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# Binary Tree Traversal

by kirupa   |   filed under Data Structures and Algorithms

With linear data structures like our array or linked list, navigating (aka traversing) through all of the items is fairly straightforward. We start at the beginning and just keep going to the next item until we hit the end, where there are no more items left:

This nice and easy approach doesn’t work with trees:

Trees are hierarchical data structures, so the way we traverse through them will need to be different. There are two types of traversal approaches we can use. One approach is breadth-first, and another approach is depth-first. In the following sections, we’ll go both broader and deeper (ha!) into what all of this means.

Onwards!

Echoing a detail from when we first looked at trees, our trees have a depth or a level to them that indicates how far away they are from the root:

Level 0 (or Depth 0) is always going to be the root. All of the children nodes from there will find themselves on their own level depending on how far from the root they are.

In a breadth-first approach, these levels play an important role in how we traverse our tree. We traverse the tree level by level where we start from the root node and visit all the nodes at each level before moving on to the next level.

This will be clearer with an example. So, we start with our root node:

At this point, we don’t know much about our tree or what it looks like. The only thing we know is that we have a root node, so we explore it. We discover that our root node has two children, B and C:

Here lies a subtle but important detail: Discovering is not the same thing as exploring. When we discover nodes, we are aware that they exist. When we explore them, we actively inspect them and see if they have any children or not. In our visualizations, when a node has simply been discovered, we'll display them in a dotted outline. Once a node has been explored, we'll display it in a solid outline.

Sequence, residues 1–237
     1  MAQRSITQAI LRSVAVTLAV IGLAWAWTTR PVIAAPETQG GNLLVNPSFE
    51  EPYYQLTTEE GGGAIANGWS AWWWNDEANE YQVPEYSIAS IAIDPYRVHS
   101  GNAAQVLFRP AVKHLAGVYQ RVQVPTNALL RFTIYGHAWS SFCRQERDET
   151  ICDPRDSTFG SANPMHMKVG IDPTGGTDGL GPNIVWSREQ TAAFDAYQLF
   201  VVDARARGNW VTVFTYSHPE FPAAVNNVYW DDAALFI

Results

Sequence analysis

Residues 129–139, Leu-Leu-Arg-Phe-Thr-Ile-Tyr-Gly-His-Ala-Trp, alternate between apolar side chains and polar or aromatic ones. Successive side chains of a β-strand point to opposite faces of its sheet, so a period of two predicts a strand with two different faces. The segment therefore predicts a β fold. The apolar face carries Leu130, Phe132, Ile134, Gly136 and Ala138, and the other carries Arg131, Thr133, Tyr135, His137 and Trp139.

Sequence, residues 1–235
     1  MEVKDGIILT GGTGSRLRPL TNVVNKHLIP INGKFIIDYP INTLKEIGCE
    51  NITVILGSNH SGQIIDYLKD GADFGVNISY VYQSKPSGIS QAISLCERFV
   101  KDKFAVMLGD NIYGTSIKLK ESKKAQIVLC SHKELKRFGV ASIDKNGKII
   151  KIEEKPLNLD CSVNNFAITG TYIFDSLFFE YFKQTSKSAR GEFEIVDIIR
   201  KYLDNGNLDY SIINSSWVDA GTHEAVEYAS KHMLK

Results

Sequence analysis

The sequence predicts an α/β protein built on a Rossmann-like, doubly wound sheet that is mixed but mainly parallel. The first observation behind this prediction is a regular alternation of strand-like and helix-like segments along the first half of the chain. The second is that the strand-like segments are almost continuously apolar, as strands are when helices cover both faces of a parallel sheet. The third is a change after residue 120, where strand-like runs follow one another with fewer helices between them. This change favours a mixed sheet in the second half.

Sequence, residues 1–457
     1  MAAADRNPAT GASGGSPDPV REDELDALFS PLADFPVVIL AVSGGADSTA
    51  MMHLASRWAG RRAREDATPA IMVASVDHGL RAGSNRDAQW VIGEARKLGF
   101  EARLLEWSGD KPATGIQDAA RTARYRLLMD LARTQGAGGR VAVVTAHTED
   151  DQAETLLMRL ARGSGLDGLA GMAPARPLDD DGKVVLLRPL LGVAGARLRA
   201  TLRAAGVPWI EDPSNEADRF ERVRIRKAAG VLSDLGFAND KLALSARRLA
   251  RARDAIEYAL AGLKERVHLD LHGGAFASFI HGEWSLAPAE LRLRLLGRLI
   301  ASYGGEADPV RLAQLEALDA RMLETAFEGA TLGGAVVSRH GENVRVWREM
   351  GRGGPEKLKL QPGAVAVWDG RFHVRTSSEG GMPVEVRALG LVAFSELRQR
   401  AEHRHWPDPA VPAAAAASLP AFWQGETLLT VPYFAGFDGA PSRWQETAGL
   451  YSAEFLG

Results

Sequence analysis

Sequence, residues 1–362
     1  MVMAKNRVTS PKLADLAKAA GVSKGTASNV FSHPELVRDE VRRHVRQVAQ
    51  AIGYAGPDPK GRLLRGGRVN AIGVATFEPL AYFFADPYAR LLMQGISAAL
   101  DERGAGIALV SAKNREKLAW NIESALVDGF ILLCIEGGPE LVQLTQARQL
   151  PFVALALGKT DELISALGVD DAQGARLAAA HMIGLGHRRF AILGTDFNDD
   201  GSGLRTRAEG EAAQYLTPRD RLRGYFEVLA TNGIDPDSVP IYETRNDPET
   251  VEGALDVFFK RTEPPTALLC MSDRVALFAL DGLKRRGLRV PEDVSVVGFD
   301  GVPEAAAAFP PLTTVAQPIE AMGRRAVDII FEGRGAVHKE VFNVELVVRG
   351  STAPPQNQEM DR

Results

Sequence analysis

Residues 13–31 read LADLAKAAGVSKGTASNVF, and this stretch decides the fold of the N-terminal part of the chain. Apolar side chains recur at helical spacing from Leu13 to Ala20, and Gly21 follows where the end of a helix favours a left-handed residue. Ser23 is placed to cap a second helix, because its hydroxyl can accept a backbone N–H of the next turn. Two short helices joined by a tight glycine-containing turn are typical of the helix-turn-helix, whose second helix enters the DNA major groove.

From our discovered nodes B and C, we explore B first. It has two children:

We ignore these newly discovered children for now. Instead, we continue on to exploring C and find out that it has two children as well:

We are done with the current row made up of our B and C nodes, and we now repeat the process we’ve been following for the next row of nodes. We start on the left with the D node and explore it to see if it has any children. The D node does have two children:

We then move on to the E node, the F node, and the G node and explore them to see if they have any children. They don't have any children:

At this point, we are done exploring one more row. Now, it's time to go into the next row and see what is going on with the H and I nodes. The H node contains no children, and the I node contains no children as well. There are no more nodes to discover and explore, so we have reached the end of the line and have fully explored our tree:

The order in which we explored our nodes is highlighted by the numbers in the following visualization: